|reply to bobjohnson |
Read Karl's news article again.
I'm not arguing that an ISP should not turn over whatever records it has when a judge asks for information to proceed with a case. The ISP in question is complying with that request. It has asked for more time to comply because it wants to notify the customers that their information will be released and that the data may be used against them in a legal matter. (Probably because some other law requires them to do so or they might be held liable for privacy issues.)
I'm also not arguing for piracy and I don't have a position on whether or not the entertainment industry's business model is broken. If folks steal something and they get caught, that's how the system is supposed to work.
My question is should the ISP be in the business of policing activity taking place over its infrastructure? I understand the USPS has a police force that investigates things like mail fraud and those who seek to disrupt the mail service with harmful acts. However, they also wouldn't detect an illegal DVD copy mailed through their system as well as many other illegal activities because they don't generally open packages to inspect them. Regardless, we shouldn't use the bankrupt USPS model as an example of anything. The mere fact that they have a forensics lab rather than relying on local/national authorities to help with those matters is likely one of the reasons they are bankrupt. Yes -- someone has to do it but why would the postal service have to duplicate labs in other law enforcement agencies?
The copyright trolls want a lot more from ISPs and I'm asking what we require this country's "physical shippers" to do when their services are associated with illegal activity. Further, if we ask the ISP to do more, is this a wise decision? Do we want an ISP acting on behalf of the entertainment industry and charging all of us for these costs? What's reasonable?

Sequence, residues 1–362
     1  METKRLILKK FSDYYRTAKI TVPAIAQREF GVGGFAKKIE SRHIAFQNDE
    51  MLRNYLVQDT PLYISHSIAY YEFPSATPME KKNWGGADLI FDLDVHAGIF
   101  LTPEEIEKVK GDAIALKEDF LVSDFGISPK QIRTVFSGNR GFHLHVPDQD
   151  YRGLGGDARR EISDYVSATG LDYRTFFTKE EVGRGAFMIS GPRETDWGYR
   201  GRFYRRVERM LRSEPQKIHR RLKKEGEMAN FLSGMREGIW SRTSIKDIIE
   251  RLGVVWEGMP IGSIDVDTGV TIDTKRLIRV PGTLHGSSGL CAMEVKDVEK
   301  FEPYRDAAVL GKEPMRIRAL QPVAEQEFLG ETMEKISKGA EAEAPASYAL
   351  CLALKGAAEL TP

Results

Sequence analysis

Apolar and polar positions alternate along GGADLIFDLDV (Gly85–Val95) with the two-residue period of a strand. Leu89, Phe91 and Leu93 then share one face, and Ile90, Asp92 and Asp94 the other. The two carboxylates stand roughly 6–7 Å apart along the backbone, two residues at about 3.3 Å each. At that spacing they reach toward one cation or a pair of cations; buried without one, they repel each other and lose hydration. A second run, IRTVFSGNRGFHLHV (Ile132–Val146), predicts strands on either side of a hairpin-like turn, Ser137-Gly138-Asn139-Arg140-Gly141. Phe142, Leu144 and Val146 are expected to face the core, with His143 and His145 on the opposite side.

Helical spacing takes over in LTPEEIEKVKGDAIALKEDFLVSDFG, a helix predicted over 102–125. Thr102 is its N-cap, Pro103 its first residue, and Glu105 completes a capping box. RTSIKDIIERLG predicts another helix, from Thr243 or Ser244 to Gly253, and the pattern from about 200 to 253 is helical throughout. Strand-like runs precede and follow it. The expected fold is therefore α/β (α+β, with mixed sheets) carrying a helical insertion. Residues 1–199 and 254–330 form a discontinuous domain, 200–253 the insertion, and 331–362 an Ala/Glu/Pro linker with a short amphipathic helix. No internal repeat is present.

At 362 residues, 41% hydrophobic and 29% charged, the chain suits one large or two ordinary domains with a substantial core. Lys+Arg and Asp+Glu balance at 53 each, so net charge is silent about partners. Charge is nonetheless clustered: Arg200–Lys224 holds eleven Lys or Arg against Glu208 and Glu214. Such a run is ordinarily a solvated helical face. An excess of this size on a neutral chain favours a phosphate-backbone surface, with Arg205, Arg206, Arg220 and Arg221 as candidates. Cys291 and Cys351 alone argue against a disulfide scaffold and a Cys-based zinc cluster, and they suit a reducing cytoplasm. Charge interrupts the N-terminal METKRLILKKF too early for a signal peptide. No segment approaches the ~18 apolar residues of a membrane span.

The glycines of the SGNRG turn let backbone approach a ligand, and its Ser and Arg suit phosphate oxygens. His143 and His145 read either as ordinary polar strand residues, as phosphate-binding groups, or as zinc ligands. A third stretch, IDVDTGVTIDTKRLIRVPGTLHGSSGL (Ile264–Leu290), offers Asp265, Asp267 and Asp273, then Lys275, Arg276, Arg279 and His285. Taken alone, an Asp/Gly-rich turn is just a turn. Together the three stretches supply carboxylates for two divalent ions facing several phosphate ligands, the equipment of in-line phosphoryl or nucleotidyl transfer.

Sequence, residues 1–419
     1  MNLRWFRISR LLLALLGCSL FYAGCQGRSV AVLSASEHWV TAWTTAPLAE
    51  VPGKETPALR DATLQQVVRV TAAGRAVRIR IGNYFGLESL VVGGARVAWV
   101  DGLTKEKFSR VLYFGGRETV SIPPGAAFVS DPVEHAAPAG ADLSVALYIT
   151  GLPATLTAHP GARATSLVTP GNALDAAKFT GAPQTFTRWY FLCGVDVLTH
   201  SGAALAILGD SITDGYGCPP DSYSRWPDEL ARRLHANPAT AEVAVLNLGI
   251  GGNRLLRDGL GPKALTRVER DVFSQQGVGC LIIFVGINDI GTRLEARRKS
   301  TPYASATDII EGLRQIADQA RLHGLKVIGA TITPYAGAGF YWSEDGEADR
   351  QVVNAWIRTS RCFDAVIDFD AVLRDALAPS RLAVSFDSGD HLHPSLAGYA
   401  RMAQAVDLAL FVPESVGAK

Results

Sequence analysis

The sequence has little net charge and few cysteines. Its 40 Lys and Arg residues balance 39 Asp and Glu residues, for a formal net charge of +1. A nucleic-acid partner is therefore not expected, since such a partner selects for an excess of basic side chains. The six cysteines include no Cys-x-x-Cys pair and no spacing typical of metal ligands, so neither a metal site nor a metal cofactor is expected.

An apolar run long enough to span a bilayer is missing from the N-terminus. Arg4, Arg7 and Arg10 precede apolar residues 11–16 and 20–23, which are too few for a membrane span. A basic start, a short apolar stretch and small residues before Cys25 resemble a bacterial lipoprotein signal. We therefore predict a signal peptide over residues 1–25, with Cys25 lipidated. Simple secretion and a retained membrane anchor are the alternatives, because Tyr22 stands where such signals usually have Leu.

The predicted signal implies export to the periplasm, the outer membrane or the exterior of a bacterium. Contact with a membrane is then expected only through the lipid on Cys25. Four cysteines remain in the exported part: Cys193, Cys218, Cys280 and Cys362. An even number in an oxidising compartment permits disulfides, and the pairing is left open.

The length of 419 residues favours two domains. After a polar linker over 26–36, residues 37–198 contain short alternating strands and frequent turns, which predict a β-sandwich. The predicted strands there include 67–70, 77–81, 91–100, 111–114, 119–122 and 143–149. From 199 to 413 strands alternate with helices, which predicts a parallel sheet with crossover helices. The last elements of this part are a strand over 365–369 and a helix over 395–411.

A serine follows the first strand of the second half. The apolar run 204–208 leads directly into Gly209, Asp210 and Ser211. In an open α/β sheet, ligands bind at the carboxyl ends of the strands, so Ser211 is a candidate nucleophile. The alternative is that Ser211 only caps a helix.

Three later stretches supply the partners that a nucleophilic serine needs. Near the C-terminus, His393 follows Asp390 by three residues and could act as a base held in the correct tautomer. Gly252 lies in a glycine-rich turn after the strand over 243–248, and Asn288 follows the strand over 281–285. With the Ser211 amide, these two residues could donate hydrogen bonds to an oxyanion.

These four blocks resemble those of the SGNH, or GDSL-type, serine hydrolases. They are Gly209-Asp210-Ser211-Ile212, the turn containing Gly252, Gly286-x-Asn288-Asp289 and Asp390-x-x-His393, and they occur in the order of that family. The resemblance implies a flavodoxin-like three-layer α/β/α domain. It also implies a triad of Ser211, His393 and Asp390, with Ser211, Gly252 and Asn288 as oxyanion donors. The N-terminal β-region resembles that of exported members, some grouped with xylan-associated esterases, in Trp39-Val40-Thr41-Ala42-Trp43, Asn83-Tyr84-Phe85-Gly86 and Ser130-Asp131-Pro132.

My position is I think it's ridiculous (see the title to this thread) to ask the ISP to self-police the suspected illegal activity that takes place on its network. If we regulate them and demand it, they will pass that cost on to us and IMO, it's no different than those "music CD blanks" that had some sort of built-in fee paid to the music industry to offset the fact that those blanks would be used for pirating music. Whether or not they were didn't matter.
Elsewhere on this site I've also said that current government ideas around forcing ISPs to keep every e-mail, text message, DHCP address and browsing history just in case authorities need the data is very dangerous. ISPs should have the capability to trace and record user activities when instructed to do so by the judicial branch of government. However, outside of what's necessary for billing, they shouldn't be tracking any of our personal activities without a judicial review that finds sufficient cause to consider us a suspect of a crime that could be aided by recording our on-line activity.
I know recording all of our activity all the time would really help put the bad guys away. Again, as I've said elsewhere on this site, it isn't the good that could be done with this data, it's the bad that could be done with this data. What's the old saying, better to let the guilty go free than imprison the innocent? I think it would be a sad day in America to have our government mine this data for "subversive" activity. In any nation, beneath the surface lurks McCarthyism. A treasure trove of data that contained every person's on-line activity would be irresistible to those ideas and we should just say no. I understand technology now makes this possible but just because technology enables something does not automatically make it good or wise.